The Write Idea

Ideas often come when you can’t write them down.
Worse yet, before you can get pen and paper in hand, they’re gone. Poof!

Bugger of all buggers for a writer!

THE ONES THAT GET AWAY

It happens to all of us. A young friend of mine recently expressed an interest in writing poetry, so I encouraged her to give it a try. Today, I asked her how it was going. She told me she’d gotten an idea for a poem, but it came to her while she was at a funeral and, unfortunately, she couldn’t remember it afterward.

A great tip for writers is to have our writing tools always at the ready. That’s a great plan, in theory, but as my friend’s experience illustrates, it’s not always possible or appropriate to jot down our ideas in the moment they occur. Even if you can get to it quickly, the idea may still get away before you get it all down.

Here are a few scenarios that I have experienced, plus a poem I wrote in the process of writing this post. I’d love to hear your experiences and any tips you might want to share.

CAN YOU REPEAT THAT?

In the first scenario, I get an idea for a poem. (For me, that’s usually two or three lines, sometimes more.) I try to keep them in my head because I can’t write them down at that moment. Within minutes, despite my efforts, I find that I remember the gist of it, but the exact phrasing that popped into my head is gone. No matter how much I try, I just can’t seem to get it back and nothing I can think of is quite as good as that original thought.

The subtlety, the rhythm, the specific words and the order of those words—it all matters in our writing. I think this is especially true in poetry.

CATCH ME IF YOU CAN!

In this scenario, I manage to remember both the idea and the phrasing long enough to get my pen and paper. I start scribbling down the words as quickly as I can, but I can feel words floating away as I write. They’re the words I haven’t gotten to yet. I realize I need to catch what I can before the whole thing is gone, so I start writing bits and pieces, rather than the complete phrases.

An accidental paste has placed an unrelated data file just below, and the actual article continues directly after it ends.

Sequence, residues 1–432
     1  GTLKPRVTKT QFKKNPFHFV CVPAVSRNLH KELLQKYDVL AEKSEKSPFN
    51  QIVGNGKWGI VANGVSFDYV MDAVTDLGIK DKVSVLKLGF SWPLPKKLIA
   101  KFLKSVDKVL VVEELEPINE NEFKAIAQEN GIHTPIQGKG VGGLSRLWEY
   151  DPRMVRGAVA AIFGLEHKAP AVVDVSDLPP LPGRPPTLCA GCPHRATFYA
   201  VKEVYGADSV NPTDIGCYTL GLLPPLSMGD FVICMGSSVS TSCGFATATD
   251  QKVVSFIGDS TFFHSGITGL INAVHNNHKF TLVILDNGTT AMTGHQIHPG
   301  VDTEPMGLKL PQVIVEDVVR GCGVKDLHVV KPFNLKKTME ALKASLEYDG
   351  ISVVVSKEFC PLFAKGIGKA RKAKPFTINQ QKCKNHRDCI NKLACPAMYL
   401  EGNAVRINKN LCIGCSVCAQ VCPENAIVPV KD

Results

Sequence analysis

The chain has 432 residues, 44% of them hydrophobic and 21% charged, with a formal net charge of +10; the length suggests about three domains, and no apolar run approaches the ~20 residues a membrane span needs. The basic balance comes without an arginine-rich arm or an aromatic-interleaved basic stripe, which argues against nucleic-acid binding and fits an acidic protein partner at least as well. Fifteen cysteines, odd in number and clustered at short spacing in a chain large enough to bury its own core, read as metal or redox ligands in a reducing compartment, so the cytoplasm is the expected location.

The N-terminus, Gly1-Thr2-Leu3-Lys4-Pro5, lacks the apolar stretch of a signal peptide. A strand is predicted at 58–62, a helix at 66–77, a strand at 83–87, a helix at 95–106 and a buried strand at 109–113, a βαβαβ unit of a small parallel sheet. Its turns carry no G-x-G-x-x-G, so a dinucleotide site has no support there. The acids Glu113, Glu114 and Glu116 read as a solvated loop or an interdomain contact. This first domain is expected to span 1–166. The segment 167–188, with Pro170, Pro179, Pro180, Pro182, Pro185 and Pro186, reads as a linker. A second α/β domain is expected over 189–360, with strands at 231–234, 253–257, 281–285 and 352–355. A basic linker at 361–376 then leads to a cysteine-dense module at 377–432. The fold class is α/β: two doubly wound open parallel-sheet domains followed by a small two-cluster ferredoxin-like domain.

I’m hoping that those bits and pieces will be enough to trigger my memory so I can put the lines and phrases back together and save my poem. It won’t be the same, I know, but if I can save enough, perhaps…

IT’S ALL THERE…AND THEN I READ IT

Of course, there are times when everything seems to work. I get my writing tools. I start writing. I manage to save the thought, the phrasing, the rhythm, everything. Joy! I get it all down before it evaporates. And then I read it. And it’s not nearly as fabulous on paper as it was in my head. All the words are there. They’re in the right order. The phrasing is exactly how it came to me. Yes, it’s all there…but it’s all wrong.

Maybe with a few tweaks it will work; maybe not. I try to save my poem from sudden death.

SATISFACTION

My favorite scenario is when I get the whole idea down on paper (or in the computer) and it’s actually as good (or nearly as good) as it was in my head. It may not be the whole poem yet and it may need revisions, but it’s a good start, and when I’m finished, I’ll have a poem.

That’s the hope every time an idea pops in—that it will become a finished poem. Most don’t, so when it happens, it’s very satisfying; no matter how long it takes.

BE TO THE EXTREME
by Melinda McIntosh

Take a moment to wish them well
The ones that got away
For in the end
They never were
And be, they never may

Let go of all the could-have-beens
The tears that dampen dreams
Embrace what is
And what will be
Will be to the extreme

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